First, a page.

Forgetting to Remember

76 years and two days ago*, Japanese fighter planes bombed Pearl Harbor on the Island of Oahu. Just two days ago I went about a normal graduate student day, writing fiercely about saints and early Christian monastics and interfaith dialogue using storytelling as a model for transformation. I took breaks and went on Facebook. On the right side of the news feed, the subjects trending included the college football playoff, more heartbreaking news about assaults on young women (this time in academia, very close to home), the terrifying fires in my city of birth, and something about bitcoin.

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Photo by Jordy Meow on Unsplash

I don’t remember seeing anything at length about what happened 76 years ago. 76 isn’t a particularly meaningful anniversary- we tend to recognize milestones in fives and tens and fifties. The next day, more news appeared about Baker Mayfield as the Heisman trophy favorite despite his controversial behavior on and off the field. I went to my last day of classes for the quarter with a small feeling of triumph- I made it! Only five papers and an oral presentation to go. I looked forward to baking as motivation to get my writing done. After my last class I sat and chatted with some religious studies undergraduates and laughed about the sassy monks we read about this week. I went to my professor’s office hours and discussed my thesis for the paper. In passing, he used the phrase “I forgot to remember” to describe the woes of historians’ work. I kept repeating the phrase in my mind over and over.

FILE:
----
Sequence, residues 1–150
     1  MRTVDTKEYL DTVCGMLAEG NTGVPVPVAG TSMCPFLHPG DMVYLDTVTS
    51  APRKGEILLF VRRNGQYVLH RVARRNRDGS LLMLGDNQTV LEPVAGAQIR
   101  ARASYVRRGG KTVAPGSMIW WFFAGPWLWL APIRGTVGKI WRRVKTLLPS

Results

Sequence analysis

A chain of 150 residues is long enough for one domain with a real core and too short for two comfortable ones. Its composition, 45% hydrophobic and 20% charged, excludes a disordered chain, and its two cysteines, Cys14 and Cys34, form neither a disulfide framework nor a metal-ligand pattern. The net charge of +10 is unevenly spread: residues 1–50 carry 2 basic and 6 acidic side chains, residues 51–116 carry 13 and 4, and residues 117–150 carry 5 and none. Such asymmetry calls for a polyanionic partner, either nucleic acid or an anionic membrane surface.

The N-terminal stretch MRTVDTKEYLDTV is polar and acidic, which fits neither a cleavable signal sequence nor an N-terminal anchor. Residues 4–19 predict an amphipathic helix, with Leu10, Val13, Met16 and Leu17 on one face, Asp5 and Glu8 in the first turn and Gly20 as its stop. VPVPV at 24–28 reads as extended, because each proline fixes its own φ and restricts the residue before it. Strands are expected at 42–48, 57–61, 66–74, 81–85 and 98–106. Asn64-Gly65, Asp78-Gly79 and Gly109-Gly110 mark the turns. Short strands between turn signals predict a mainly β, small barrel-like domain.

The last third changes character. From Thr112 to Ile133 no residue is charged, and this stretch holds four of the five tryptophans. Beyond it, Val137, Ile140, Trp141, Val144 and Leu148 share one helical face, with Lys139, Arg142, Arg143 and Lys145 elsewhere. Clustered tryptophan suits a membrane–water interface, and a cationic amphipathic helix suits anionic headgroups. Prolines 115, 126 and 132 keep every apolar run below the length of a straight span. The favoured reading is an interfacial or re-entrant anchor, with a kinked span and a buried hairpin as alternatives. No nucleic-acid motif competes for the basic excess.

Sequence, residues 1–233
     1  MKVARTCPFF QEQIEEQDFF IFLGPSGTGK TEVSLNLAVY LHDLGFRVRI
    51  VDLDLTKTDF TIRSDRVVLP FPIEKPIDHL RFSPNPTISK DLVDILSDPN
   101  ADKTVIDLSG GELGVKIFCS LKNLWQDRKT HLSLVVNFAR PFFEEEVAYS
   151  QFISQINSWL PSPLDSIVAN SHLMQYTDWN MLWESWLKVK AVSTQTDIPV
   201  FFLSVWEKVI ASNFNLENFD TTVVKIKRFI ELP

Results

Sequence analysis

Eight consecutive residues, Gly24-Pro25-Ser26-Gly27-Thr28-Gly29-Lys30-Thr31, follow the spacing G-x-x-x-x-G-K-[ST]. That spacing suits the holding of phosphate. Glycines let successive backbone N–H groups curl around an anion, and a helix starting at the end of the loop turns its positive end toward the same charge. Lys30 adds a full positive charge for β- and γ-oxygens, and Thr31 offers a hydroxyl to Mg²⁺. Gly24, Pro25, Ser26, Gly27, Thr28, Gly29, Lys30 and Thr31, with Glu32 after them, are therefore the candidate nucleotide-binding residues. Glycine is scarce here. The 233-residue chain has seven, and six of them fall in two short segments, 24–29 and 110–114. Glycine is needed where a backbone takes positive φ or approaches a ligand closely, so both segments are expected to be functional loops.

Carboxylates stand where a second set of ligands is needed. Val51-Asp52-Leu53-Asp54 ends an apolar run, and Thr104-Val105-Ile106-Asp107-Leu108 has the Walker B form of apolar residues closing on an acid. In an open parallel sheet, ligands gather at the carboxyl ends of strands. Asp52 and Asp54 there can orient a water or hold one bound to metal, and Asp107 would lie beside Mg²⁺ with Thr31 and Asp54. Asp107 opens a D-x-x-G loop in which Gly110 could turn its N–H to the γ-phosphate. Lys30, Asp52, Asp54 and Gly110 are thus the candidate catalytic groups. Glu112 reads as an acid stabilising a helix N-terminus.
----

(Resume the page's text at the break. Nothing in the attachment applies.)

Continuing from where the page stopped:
What we forget is much more than what we remember, due to limitations of human memory. What we forget to remember is due to something else- pain, trauma, events we don’t want to relive. A recent article detailed why victims of sexual assault often describe the assault inaccurately- trauma often forces them to push the events out of their minds simply to go on living. They subconsciously forget to remember- though there is no such thing as erasing.

A couple years ago I was watching Archer with my divinity school classmates. The crude yet intelligent humor appealed to us amidst the brutal winter night. Archer, the brash but charming hero, finds himself in a situation involving a Japanese gang. Archer’s mother saves the day- she prevents the gang from wreaking havoc and at the end shouts, “that’s for Pearl Harbor!” The line is meant to be funny because as we say, it’s not “too soon.” Time passes and heals. Except that last part isn’t really true. Pain passes down through generations. We forget to remember atrocities because history is often about what we’ve forgotten. What about the two atomic bombs that killed over 300,000 people instantly and left years of radiation illness lingering for generations to suffer? It can be hard to connect with places and times far away, but progress is a dangerous assumption. We can’t forget to remember those before us suffered as many suffer today, from oppression and supremacy. Time can heal, but healing isn’t forgetting.

 

 

*Note: this post has been published retroactively

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